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New EI parental benefits reinforce existing inequities and won’t make up for the lack of affordable infant child care

On November 9, 2017, federal Minister for Families, Children and Social Development Jean-Yves Duclos announced that the changes to maternity and parental Employment Insurance benefits will take effect December 3, 2017.

Under the amended Employment Insurance Act:

  • Mothers will have the right to start receiving their maternity EI benefits up 12 weeks before the expected birth (up from 8 weeks).
  • Parents will have the right to receive parental EI benefits for 35 weeks at the rate of 55 per cent of their regular weekly earnings up to a maximum of $543 per week, or 61 weeks at the rate of 33 per cent of their regular weekly earnings up to a maximum of $326 per week.

Longer leave with lower pay not a solution to the child care crisis

In a position paper on maternity and parental EI benefit reform, the CCAAC points out that the lack of  affordable child care for children under 18 months is making parents desperate for solutions but that a longer leave period at a lower weekly benefit is not the answer.

“We know, and this was confirmed in the federal government’s consultation process on parental leave, that the lack of affordable and available child care for children under 18 months is what is driving many of those who support a longer leave period,” said Morna Ballantyne, Executive Director of the CCAAC.

“The problem, though, is that few parents—and only those with other financial resources—will be able to opt for the longer leave because the benefit level of 33 per cent is so low, and because so many parents don’t qualify for EI in the first place,” she said.

Quebec plan is fairer

Researchers McKay, Doucet and Mathieu concluded in their study Parental-leave rich and parental-leave poor: Inequality in Canadian labour market based leave policies that 36 percent of all mothers who live on-reserve and outside Quebec do not qualify for EI maternity/parental benefits. In contrast, only 11 percent of Quebec mothers fail to qualify for benefits under the Quebec Parental Insurance Plan.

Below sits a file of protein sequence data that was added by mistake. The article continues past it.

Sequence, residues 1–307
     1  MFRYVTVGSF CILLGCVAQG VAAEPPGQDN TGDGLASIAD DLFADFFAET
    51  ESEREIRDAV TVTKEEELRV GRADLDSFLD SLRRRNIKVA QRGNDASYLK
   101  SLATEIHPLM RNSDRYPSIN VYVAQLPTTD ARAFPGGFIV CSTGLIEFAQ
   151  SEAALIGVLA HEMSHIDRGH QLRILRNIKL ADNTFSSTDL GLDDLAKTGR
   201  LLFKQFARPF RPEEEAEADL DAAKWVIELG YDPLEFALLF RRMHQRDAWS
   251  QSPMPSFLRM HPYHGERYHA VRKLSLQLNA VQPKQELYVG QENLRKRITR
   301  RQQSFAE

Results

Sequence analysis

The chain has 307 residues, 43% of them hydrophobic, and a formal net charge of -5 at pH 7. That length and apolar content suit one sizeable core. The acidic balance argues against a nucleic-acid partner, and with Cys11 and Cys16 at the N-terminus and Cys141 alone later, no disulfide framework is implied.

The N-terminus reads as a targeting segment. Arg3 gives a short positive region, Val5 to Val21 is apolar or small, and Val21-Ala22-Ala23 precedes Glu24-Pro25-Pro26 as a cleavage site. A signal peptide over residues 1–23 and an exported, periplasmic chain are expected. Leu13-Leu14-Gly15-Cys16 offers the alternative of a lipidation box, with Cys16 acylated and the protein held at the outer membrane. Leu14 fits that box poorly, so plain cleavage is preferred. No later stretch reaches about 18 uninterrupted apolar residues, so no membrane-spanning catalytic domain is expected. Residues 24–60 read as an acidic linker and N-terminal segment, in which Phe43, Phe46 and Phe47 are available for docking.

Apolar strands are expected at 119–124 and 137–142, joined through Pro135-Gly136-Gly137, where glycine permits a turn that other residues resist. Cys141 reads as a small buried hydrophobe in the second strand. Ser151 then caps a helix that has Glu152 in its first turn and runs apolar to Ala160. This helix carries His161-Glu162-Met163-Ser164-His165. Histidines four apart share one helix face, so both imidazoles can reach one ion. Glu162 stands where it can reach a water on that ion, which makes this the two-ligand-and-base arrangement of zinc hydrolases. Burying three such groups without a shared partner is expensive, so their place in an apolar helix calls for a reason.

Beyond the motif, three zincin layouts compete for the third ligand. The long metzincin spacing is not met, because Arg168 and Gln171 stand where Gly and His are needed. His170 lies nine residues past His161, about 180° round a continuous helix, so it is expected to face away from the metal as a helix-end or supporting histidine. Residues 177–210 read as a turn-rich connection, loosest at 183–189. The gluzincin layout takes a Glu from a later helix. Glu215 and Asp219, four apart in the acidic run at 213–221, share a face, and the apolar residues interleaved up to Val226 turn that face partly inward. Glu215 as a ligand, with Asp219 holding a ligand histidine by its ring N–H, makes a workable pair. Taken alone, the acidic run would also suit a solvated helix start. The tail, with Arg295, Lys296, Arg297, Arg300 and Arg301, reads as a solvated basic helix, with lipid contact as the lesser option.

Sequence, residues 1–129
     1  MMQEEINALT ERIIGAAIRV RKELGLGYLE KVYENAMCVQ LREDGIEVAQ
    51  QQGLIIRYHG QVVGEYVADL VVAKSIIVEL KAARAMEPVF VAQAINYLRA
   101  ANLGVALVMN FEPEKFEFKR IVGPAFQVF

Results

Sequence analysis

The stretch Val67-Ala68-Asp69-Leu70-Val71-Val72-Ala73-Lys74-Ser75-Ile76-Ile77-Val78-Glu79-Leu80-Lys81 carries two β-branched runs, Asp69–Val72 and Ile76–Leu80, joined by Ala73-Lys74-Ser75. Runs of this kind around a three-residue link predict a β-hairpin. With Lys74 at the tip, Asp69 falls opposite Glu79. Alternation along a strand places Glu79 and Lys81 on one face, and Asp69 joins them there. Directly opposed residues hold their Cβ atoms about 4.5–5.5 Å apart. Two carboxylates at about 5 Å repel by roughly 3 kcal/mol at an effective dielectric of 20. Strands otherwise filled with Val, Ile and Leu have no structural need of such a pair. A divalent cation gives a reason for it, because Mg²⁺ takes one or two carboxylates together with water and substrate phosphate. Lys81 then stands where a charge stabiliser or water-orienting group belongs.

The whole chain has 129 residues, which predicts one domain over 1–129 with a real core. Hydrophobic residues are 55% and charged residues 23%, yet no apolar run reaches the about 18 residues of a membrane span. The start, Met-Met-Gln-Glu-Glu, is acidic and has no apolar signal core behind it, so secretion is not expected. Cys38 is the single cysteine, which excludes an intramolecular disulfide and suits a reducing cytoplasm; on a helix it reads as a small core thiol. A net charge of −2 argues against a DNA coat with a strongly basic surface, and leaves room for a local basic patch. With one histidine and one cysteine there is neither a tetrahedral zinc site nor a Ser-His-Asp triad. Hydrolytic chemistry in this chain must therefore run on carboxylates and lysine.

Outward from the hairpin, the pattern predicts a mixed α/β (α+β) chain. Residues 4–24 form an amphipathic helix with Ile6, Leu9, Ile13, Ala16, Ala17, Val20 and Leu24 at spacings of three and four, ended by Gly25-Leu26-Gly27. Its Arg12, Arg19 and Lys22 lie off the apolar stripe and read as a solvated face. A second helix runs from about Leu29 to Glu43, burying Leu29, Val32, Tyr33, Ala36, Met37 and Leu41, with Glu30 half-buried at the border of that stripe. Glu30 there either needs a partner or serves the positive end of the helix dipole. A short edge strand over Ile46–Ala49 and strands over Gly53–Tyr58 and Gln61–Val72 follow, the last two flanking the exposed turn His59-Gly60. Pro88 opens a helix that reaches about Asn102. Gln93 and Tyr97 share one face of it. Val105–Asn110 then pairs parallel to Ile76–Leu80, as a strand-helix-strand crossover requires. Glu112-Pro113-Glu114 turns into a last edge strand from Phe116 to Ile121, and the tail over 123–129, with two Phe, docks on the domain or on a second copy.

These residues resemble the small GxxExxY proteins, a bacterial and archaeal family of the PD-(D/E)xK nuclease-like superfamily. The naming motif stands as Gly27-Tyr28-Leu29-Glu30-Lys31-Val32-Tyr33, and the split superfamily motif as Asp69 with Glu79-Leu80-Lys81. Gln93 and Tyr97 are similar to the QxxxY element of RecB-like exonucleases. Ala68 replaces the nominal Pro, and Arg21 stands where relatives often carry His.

The CCAAC says the federal government should have brought the federal EI maternity and parental program in line with Quebec’s by:

  • Reducing the eligibility requirement to the lesser of 300 hours of insurable earnings prior to taking leave, or by adopting the same $2,000 annual minimum earnings rule that exists in Quebec
  • Raising the EI benefit level for maternity/parental leave from 55 per cent of previous earnings to a minimum of 70 per cent, similar to Quebec benefits
  • Introduce an additional benefit (modelled on Quebec’s paternity leave) for the exclusive use of the “second” parent regardless of gender.

Evidence-based reforms needed

CCAAC is urging the federal government to monitor closely the impact of the EI changes over the next two years, and make the data public. Further, the CCAAC would like the federal government to establish a special working group that includes policy experts, equality and child care advocates to carry out a proper gender analysis of the changes and to identify further reforms required to give parents real choice and options with respect to the care of children in their early years.

Join the fight for quality, affordable, inclusive child care at childcareforall.ca.